Leo Kahn, American entrepreneur, co-founder of Staples, died from complications from a series of strokes he was , 94.
Leo Kahn was an American businessman and entrepreneur who is credited as the co-founder of Staples Inc. died from complications from a series of strokes he was , 94. Kahn is also considered a pioneer of the natural and health food supermarket industry, founding the Fresh Fields and Nature’s Heartland chains, which are now part of Whole Foods Market.
(December 31, 1916 – May 11, 2011)
Kahn was born in Medford, Massachusetts, as the youngest of two brothers. His parents, who were immigrants from Lithuania, owned a wholesale food distributor. Kahn graduated from Malden High School in Malden, Massachusetts.
Kahn received a bachelor’s degree from Harvard University in 1938. He then obtained a master’s degree in journalism from Columbia University in New York City in 1939. He worked a reporter in New Bedford, Massachusetts, and practiced public relations for political campaigns until he was drafted into the U.S. military in 1941 as the U.S. entered World War II. He was stationed in North Africa, Europe and Asia as a navigator for the Army Air Forces.
He and his brother, Albert Kahn, took over the family’s wholesale business following the end of World War II. Leo Kahn became the sole owner of the business when Albert left the company to become a professor at Boston College.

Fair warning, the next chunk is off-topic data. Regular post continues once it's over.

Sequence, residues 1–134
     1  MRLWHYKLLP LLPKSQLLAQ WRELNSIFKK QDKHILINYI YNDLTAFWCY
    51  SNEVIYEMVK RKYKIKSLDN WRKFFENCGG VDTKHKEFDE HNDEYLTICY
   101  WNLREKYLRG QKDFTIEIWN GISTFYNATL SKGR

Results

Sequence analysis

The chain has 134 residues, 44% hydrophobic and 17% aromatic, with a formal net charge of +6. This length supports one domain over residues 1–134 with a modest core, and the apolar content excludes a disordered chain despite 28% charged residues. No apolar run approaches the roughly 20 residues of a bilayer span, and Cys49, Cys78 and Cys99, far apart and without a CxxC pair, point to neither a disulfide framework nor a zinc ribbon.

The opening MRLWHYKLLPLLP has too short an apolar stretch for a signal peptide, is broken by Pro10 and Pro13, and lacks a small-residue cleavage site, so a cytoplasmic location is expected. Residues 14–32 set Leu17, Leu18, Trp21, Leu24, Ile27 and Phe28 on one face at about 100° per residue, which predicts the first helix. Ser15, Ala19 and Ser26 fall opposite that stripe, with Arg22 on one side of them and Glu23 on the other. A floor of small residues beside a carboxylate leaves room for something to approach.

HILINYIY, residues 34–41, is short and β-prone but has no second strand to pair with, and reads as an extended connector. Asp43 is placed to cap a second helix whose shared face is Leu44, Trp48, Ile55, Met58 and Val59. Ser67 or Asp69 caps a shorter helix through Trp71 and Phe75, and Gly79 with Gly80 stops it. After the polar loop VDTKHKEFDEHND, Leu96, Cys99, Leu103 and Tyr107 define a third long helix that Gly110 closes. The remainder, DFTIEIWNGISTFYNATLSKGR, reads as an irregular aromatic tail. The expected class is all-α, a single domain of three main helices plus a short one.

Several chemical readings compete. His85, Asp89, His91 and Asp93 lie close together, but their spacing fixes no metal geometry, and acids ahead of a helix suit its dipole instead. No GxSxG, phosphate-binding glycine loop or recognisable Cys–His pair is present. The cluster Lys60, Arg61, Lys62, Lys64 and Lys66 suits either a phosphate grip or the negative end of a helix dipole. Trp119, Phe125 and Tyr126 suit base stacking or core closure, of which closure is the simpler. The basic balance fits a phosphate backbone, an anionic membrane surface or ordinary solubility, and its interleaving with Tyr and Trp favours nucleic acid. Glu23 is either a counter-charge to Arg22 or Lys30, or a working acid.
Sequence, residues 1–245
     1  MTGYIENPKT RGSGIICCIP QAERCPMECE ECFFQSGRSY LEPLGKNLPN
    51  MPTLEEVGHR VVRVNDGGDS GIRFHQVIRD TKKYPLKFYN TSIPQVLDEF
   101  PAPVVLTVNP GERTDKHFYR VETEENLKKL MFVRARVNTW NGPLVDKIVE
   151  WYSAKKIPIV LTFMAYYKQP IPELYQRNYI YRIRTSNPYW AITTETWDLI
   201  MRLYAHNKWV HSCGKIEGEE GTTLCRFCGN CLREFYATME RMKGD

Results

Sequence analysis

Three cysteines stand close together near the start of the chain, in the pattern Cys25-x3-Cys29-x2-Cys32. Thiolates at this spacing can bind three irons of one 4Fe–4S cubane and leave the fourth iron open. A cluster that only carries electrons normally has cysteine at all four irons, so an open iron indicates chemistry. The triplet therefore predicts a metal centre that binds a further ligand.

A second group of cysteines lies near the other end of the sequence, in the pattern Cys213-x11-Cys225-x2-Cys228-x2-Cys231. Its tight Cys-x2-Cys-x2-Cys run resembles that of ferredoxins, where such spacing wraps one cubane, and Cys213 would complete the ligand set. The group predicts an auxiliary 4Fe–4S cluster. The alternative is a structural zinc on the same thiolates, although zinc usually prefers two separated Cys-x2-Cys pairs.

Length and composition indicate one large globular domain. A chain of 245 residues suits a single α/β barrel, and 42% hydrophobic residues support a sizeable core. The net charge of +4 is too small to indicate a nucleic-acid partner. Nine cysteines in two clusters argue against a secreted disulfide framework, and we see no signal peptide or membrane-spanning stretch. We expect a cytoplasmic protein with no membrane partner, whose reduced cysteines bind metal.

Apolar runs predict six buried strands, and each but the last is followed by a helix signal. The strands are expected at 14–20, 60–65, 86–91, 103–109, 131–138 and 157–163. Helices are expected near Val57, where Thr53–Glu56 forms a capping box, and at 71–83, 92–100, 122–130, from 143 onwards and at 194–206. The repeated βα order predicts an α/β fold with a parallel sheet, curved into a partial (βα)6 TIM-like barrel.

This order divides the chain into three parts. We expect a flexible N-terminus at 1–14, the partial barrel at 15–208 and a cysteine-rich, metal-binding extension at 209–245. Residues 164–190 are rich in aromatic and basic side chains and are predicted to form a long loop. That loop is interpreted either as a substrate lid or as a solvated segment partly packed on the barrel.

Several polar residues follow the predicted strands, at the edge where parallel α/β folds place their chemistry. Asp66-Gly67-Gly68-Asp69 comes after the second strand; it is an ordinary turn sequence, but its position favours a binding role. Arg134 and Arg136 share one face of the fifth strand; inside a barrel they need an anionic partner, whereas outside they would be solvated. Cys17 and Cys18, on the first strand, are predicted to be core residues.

Kahn married his first wife, Dorothy Davids, in 1963 and had three children. The family resided in Chelmsford, Massachusetts, until Dorothy Kahn’s death in 1975.
Leo Kahn continued to operate his family’s wholesale food distributor. However, he also launched a new grocery retailing division, which became known as Purity Supreme. The company initially opened small groceries, but then expanded to supermarkets. The Purity Supreme company also included the Heartland Foods Warehouse, which was called “the first successful deep-discount warehouse supermarket in the country” by Inc Magazine.
One Kahn’s biggest rivals was Thomas G. Stemberg, the owner of a competing New England supermarket chain called First National Supermarkets. At one point, Kahn and Stemberg engaged in a price war over the lower price for Thanksgiving turkeys.
Kahn sold Purity Supreme to the Supermarket General Corporation in 1984 for $80 million. Through the transaction, Kahn became the chairman of Supermarket General. Privately, Kahn regretted selling Purity, saying he missed the interaction with his employees.
Leo Kahn died at the Springhouse care facility in the Jamaica Plain neighborhood of Boston from a series of strokes on May 11, 2011, at the age of 94.